So yeah, outside of that meeting Helen doesn’t have interaction with Noah, rendering the different viewpoints even more useless. She’s dating everyone’s favorite doucher Max, who most definitely doesn’t have his own view point. Actually I think we’re all dating Max after that full frontal dong shot that probably had HBO clutching their pearls in horror as they edited together the third all-female orgy scene for Game of Thrones’ next season. But Helen? Helen is hanging out, smoking a ton of pot in both vape and lozenge form, going to benefits with her mom, occasionally convincing her gullible-ass son Justin Bieber just walked into the kitchen. Whitney is still awful, if anyone is wondering. She wants to write about the time Cole (lol remember Cole?) went commando and pulled out that gun, even though Grandma thinks it was Noah. “He didn’t put a gun to my head, Cole did. She knows this!” Whitney yells.
Wait, is that…important? Are the barriers between universes breaking, and now not only are Noah, Alison, and Helen remembering things differently, but Whitney and Helen’s mother are too? DID I JUST SOLVE IT?
Part Two: Drew
The Affair has begun again, elbowing aside Lifetime’s Cheater’s Club for best show on television about slinging some hot Dong on the side of your committed relationship.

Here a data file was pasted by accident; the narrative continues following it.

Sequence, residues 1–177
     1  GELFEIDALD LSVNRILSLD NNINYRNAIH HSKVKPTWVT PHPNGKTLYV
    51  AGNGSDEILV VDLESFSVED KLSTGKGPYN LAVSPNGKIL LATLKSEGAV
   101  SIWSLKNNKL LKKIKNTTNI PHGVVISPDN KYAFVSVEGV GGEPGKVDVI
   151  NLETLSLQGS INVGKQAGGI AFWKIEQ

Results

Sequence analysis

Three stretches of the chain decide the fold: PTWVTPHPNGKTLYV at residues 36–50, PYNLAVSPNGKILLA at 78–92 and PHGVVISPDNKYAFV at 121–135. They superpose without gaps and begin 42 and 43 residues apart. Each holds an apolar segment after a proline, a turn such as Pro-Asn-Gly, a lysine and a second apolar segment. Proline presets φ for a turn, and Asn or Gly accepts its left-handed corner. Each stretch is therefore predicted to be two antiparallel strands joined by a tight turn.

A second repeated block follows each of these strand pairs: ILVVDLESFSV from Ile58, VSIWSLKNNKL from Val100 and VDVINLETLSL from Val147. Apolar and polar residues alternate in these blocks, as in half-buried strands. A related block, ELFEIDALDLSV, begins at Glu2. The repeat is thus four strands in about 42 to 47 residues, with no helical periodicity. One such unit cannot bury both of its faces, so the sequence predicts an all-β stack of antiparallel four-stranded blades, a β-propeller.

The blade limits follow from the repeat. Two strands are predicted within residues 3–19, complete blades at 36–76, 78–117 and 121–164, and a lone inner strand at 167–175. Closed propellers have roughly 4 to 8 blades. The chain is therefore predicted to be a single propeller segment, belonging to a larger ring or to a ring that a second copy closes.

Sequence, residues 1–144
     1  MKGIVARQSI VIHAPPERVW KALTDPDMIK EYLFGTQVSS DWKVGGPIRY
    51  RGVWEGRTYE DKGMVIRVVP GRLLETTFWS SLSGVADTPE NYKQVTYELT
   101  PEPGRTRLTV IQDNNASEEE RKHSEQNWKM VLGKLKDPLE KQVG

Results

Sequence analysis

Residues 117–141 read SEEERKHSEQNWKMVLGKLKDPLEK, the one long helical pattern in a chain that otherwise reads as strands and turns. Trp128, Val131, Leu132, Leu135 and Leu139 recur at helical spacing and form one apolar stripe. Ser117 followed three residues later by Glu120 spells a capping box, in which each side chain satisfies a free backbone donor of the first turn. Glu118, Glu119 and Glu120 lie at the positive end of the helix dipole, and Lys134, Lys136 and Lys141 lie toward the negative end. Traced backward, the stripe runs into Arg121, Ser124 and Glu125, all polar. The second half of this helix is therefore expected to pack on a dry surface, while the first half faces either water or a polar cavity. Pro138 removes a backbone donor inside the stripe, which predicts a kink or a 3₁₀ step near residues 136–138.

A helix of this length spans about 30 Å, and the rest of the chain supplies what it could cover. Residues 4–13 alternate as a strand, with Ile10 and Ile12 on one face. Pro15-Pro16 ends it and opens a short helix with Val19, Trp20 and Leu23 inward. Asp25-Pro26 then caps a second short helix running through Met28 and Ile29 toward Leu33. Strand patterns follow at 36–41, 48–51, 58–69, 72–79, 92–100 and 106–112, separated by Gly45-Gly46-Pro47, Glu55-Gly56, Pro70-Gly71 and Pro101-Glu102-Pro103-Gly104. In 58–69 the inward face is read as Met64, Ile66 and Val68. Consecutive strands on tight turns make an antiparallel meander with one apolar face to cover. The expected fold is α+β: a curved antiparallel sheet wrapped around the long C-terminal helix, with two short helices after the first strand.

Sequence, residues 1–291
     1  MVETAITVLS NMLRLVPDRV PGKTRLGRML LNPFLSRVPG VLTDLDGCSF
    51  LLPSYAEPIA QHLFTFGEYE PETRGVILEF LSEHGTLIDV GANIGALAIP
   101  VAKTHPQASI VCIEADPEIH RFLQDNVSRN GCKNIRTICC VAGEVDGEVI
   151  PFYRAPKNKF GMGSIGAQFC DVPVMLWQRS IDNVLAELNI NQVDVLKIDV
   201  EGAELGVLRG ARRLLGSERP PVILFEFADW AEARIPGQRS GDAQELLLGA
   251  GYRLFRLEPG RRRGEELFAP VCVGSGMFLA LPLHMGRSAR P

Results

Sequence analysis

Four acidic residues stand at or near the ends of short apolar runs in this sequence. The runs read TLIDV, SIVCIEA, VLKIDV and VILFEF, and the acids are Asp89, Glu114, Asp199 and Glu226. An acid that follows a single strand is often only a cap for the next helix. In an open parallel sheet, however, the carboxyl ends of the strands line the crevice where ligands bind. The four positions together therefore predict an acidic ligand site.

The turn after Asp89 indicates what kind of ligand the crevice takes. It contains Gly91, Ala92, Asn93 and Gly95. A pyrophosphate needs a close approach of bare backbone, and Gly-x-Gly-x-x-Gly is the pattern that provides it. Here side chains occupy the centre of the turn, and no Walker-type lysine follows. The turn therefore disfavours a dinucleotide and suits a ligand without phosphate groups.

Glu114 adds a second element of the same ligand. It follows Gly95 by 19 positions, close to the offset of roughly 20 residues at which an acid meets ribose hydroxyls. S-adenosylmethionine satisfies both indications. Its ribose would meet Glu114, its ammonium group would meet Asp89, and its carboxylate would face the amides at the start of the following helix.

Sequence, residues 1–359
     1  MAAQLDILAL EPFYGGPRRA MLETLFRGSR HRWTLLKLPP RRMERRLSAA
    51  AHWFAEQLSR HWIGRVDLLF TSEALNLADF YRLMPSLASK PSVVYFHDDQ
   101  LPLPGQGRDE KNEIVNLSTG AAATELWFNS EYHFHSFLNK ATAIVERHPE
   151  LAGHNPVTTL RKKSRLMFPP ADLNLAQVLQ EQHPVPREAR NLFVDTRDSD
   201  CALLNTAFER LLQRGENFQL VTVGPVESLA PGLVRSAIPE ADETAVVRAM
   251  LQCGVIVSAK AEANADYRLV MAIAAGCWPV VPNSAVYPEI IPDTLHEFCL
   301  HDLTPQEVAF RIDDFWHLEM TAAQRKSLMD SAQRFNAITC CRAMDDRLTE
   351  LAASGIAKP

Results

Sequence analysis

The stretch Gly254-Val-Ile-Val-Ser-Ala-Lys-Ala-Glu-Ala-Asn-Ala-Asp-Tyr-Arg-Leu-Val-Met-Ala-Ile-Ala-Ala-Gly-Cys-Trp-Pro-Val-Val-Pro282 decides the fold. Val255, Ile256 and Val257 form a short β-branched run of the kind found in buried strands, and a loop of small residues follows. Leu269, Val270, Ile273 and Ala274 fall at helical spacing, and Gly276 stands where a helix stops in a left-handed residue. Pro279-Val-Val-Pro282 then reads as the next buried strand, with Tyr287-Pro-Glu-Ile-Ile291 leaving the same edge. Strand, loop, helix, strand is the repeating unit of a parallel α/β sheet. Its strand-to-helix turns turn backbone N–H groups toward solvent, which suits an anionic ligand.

To be fair, most shows on television, sooner or later, unpack the issues of an extramarital trysts, but The Affair put that part in the title so we’ll know what part of which slightly different story to pay attention to. (Hint: It’s the part about Noah’s black friend Jordy using Google Calendars!) (JK it’s What Happened to Scotty?) (JK, I actually have no idea what this show is about, kind of like Burn Notice.) Ostensibly, a better name for this show would be The Murder, but I’m assuming the writers will save that kind of cheap salaciousness for the title of Noah’s book.
Which, by the way…is going great? Maybe Noah–our perpetual crybaby “novelist” and “antihero” who is, despite himself, becoming more likable with every sick #SteinbeckBurn delivered this season–doesn’t think so. Unless he puts the titular death back into Noah’s second novel, The Murder (working title), he won’t get the other fourth-fifths of his $400,000 second book advance.